Last Saturday, September 16, a Session of Short Films “For the English to See” took place in Vila do Pinheiro, in Complexo da Maré in the North Zone. During the event—named after a commonly used expression which represents masquerading progress for the sake of appearances—two films produced by the “Na Favela” collective were shown, as well as five short films produced by students at the CriaAtivo Film School.
“Na Favela”—which stands for Favela Audiovisual Nucleus—is a favela-based audiovisual collective from Complexo da Maré that utilizes the production and exhibition of films as a tool for social transformation. The CriaAtivo Film School is a project focused on introductory qualifications for the cinematographic market, aiming to qualify youth from diverse parts of the city. It works in partnership with the Creative Wick project in London.
The half-length film Maré Fishermen (Pescadores da Maré) by Josinaldo Medeiros and the short film Olympic City (Cidade Olímpica) by Wagner Novais were produced by Na Favela. The short films Peace Will Still Come in this Life (A Paz Ainda Virá Nessa Vida) by Isabella Geoffroy, Chained (Acorrentados) by Carlos Gabriel Zorante and Marcelli Pires Faria, Beyond Skin (Além de Pele) by Amanda Veiratto and Dayane Pinto, Mother Ship (Nave Mãe) by Eloi Leones and Iury de Carvalho Lobo, and Pvblo by Zandora Eduardo were all fruits of the course at the CriaAtivo Film School.
One of the attendees, who did justice to the name of the session, was William Chamberlain, the British founder and director of the Creative Wick Hackney Wick & Fish Island CIC. Will—as he prefers to be called—in his first visit to Latin America, to Brazil, and to a favela in Rio, was enchanted by the students’ productions: “I feel very happy. The films are marvelous and I am impressed with the quality. They exceeded my expectations.”
Will watched all of the evening’s films and praised those produced by Na Favela: the half-length film Maré Fishermen and the film Olympic City, which takes place during the selection process for a job at the Olympic Games and which raises questions regarding freedom of expression. “The film is very relevant because on the eve of the Olympics, just like Brazil, London also suffered an increase in the repression of street art,” Will explains.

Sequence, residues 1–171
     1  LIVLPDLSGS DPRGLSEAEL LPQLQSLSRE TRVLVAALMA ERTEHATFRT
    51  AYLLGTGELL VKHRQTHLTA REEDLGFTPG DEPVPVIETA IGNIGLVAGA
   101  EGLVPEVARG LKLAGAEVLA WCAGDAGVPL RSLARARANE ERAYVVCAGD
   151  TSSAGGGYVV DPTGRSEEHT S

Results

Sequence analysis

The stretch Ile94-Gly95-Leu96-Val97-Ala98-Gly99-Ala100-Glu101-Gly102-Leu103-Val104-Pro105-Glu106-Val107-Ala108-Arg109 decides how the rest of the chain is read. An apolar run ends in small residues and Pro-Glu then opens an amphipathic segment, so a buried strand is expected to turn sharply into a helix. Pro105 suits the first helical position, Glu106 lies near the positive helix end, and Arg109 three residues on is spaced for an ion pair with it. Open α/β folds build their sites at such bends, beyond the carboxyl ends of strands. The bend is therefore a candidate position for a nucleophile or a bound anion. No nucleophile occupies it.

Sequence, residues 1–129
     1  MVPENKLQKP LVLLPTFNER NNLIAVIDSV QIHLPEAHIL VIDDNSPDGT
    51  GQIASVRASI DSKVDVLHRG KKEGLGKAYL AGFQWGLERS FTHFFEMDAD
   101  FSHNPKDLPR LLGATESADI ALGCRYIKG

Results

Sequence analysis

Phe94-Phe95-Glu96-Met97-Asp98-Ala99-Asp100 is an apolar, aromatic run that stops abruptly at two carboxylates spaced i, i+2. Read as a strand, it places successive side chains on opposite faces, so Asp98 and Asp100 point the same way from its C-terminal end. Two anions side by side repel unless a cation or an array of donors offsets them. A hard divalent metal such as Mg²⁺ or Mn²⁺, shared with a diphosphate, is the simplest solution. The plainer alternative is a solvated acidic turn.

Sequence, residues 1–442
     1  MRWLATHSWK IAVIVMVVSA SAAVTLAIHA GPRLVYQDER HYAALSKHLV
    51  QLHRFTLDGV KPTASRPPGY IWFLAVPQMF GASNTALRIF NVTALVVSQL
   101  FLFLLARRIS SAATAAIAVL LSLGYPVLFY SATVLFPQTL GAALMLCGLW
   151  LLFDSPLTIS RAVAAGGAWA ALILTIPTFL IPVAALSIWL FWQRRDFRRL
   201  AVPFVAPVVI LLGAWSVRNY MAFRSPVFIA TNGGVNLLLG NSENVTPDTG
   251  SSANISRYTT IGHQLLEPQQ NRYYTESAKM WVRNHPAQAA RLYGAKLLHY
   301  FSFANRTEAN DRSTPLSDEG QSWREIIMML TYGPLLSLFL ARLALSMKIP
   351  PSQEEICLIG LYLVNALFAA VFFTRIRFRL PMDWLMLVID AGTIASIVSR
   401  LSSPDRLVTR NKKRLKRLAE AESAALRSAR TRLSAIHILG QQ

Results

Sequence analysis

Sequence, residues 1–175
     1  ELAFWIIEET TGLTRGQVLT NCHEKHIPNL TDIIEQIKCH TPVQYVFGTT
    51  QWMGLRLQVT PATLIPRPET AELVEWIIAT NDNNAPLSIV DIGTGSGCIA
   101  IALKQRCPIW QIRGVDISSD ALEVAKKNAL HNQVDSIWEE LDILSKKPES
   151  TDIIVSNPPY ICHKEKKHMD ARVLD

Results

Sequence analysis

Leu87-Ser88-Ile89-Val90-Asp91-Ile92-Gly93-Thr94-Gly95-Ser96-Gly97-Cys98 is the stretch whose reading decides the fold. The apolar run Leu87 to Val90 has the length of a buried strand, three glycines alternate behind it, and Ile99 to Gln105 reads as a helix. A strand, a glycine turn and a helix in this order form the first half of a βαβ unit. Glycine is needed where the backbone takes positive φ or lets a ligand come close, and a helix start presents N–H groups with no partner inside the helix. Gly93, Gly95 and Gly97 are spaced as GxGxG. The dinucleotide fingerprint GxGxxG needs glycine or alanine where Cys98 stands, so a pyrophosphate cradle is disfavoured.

Amanda Flor, a student in the second term of CriaAtivo Film School’s scriptwriting course at the Knowledge Ship in Triagem, also approved of the event: “I was happy to see these productions from the previous term. With all of this quality, I must develop a screenplay on par,” concludes the student, who is participating in an exchange program in London.
Iury Lobo, a resident of Maré and one of the directors of the short film Mother Ship about the LGBT world, defended the importance of cinema clubs in the favela. “This is a very important action in our territory. I’m from here and I see Maré as a place of great artistic and cultural potential. To be here is to show that we keep resisting, despite the violence and all of the other problems. To have a film about LGBT themes, for me—being black, gay, and from a favela—is very significant,” he explains.
Eloi Leinos, Iury Lobo’s co-director of the short film, celebrated the film’s debut in the favela: “I am very happy to launch this film outside of the school, here in a cinema club on the street, in Maré where the film was shot.”